5. 5. The system according to claim 4 wherein the depreciation entry, the stock write-off entry, the bad debt write-off entry, the operation expenses entry, the sales and marketing expense entry, and the financing expenses entry are similarly colored to indicate they properly reside in an expense account portion of the general ledger; and wherein the revenue entry, the cost of services entry and the net revenue entry are similarly colored to indicate that they properly reside in a revenue account portion of the general ledger.
  6. 6. The system according to claim 1 wherein the visual representation of a balance sheet includes a premises entry, an equipment and machinery entry, an investments entry, an other intangibles entry, a cash entry, an other debtors entry, an accounts receivable entry, an inventory entry, an accounts payable entry, a loan entry, an equity entry, and a reserves entry.
  7. 7. The system according to claim 6 wherein the premises entry, the equipment and machinery entry, the investments entry, the other intangibles entry, the cash entry, the other debtors entry, the accounts receivable entry, and the inventory entry are similarly colored to indicate that they properly reside in an assets account of the general ledger; wherein the premises entry, the equipment and machinery entry, the investments entry, the other intangibles entry, are grouped to indicate that they properly reside in a tangible and intangible assets account of the general ledger; and wherein the cash entry, the other debtors entry, the accounts receivable entry, and the inventory entry are grouped to indicate that they properly reside in a current assets account of the general ledger.
  8. 8. An accounting double-entry recording process educational game system comprising:
    a set of game-play instructions;
    a game board adapted for a manufacturing industry; and
    a set of game-play pieces;
    wherein the game board includes a visual representation of an income statement, a visual representation of a balance sheet, a visual representation of a general ledger, a visual representation of customers, and a visual representation of suppliers.
  9. 9. The system according to claim 8 wherein the set of game-play pieces includes a place marker, a list of business activities, a balance sheet, an income sheet, a journal, a set of monetary units, a monetary unit storage container, a monetary unit carrier, a set of chits, a set of debrief questions and a set of model answers.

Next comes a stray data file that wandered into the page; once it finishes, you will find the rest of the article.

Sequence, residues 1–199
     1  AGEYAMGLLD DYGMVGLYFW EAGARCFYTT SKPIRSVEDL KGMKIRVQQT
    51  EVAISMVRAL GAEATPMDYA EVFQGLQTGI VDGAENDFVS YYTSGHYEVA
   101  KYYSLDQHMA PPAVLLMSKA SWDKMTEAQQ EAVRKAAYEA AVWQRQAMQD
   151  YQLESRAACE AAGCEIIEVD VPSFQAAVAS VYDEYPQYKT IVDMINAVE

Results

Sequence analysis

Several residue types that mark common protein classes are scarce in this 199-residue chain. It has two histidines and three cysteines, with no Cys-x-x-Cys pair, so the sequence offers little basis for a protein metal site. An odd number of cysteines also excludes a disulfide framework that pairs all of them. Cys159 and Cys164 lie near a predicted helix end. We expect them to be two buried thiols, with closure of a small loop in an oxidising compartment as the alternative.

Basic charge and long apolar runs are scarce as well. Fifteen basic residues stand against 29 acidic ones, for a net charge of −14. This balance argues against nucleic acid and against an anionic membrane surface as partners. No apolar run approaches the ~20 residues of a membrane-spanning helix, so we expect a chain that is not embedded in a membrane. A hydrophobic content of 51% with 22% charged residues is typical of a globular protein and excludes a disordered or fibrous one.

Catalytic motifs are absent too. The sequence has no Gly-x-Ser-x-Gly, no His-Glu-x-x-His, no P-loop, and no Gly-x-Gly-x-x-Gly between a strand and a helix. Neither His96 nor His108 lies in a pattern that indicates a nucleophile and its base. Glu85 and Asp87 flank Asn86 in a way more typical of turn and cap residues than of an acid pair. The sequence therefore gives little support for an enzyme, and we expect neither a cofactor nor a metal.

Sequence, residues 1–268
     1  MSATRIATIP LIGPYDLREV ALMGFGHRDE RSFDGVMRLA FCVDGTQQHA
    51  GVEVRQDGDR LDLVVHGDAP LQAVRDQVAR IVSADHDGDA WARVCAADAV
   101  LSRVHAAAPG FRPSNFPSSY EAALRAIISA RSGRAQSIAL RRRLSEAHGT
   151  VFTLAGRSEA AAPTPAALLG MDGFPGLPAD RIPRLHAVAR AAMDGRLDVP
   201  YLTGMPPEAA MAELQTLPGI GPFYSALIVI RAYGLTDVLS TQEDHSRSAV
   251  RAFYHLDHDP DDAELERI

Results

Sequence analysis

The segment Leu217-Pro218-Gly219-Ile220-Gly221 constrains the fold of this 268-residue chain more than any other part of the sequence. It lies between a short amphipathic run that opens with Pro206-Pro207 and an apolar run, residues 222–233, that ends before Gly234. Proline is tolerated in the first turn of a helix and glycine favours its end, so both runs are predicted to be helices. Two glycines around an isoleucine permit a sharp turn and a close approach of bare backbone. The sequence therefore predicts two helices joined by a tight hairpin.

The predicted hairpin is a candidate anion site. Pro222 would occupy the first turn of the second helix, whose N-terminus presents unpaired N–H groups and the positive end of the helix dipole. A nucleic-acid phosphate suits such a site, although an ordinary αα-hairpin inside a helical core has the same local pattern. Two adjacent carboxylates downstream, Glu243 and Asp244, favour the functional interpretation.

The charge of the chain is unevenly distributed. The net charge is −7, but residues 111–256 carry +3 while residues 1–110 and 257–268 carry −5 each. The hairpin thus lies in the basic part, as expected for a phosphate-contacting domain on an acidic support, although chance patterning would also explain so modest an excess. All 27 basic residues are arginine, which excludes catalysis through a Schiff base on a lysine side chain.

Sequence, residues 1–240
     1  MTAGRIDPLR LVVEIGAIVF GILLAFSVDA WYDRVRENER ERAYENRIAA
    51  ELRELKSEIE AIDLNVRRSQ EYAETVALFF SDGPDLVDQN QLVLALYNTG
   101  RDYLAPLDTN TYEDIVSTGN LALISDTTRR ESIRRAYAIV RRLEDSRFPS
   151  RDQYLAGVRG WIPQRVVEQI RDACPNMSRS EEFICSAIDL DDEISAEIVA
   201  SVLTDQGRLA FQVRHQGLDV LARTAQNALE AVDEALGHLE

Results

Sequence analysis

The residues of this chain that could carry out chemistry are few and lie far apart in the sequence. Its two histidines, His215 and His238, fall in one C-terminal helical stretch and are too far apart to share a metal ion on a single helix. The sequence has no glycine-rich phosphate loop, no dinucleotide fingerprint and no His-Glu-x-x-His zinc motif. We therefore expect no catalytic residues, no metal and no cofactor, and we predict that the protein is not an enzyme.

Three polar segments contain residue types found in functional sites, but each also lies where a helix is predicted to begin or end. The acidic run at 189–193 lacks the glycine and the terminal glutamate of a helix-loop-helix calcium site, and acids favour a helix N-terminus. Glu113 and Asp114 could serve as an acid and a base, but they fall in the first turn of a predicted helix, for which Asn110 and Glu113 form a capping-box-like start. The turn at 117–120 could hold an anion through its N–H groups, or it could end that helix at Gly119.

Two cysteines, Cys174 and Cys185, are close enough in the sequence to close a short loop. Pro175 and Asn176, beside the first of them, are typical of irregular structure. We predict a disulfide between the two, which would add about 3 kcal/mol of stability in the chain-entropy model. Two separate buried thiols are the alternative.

10. 10. The system according to claim 9 wherein the set of game-play instructions includes:
    an instruction to divide a group of players into teams;
    an instruction to assign each player on each team a job role selected from the group consisting of facilitator, chief executive officer, accountant, treasurer, operations manager, and internal auditor;
    an explanation of job roles;
    an explanation of accounting principles; and
    an instruction to make entries in the income statement, the balance sheet, and the general ledger reflective of information contained in the list of business activities.
  11. 11. The system according to claim 8 wherein the visual representation of an income statement includes a sales entry, a cost of goods sold entry, a contribution entry, a depreciation entry, a stock write-off entry, a bad debt write-off entry, an operation expenses entry, a sales and marketing expense entry, a financing expenses entry, a taxes entry, a dividend entry and a current year net profit/net loss entry.
  12. 12. The system according to claim 11 wherein the depreciation entry, the stock write-off entry, the bad debt write-off entry, the operation expenses entry, the sales and marketing expense entry, and the financing expenses entry are similarly colored to indicate they properly reside in an expense account portion of the general ledger; and wherein the sales entry, the cost of goods sold entry and the contribution entry are similarly colored to indicate that they properly reside in a revenue account portion of the general ledger.
  13. 13. The system according to claim 8 wherein the visual representation of a balance sheet includes a premises entry, a plant entry, an equipment and machinery entry, an investments entry, an other intangibles entry, a cash entry, an other debtors entry, an accounts receivable entry, an inventory entry, an accounts payable entry, a loans entry, an equity entry, and a reserves entry; wherein the inventory entry includes a manufacturing account and a trading account; wherein the manufacturing account includes an other costs entry, a direct wages entry and an allotted raw materials entry; and wherein the trading account includes a raw materials entry and a finished stock entry.
  14. 14. The system according to claim 13 wherein the premises entry, the plant entry, the equipment and machinery entry, the investments entry, the other intangibles entry, the cash entry, the other debtors entry, the accounts receivable entry, and the inventory entry are similarly colored to indicate that they properly reside in an assets account of the general ledger; wherein the premises entry, the plant entry, the equipment and machinery entry, the investments entry, and the other intangibles entry, are grouped to indicate that they properly reside in a tangible and intangible assets account of the general ledger; and wherein the cash entry, the other debtors entry, the accounts receivable entry, and the inventory entry are grouped to indicate that they properly reside in a current assets account of the general ledger.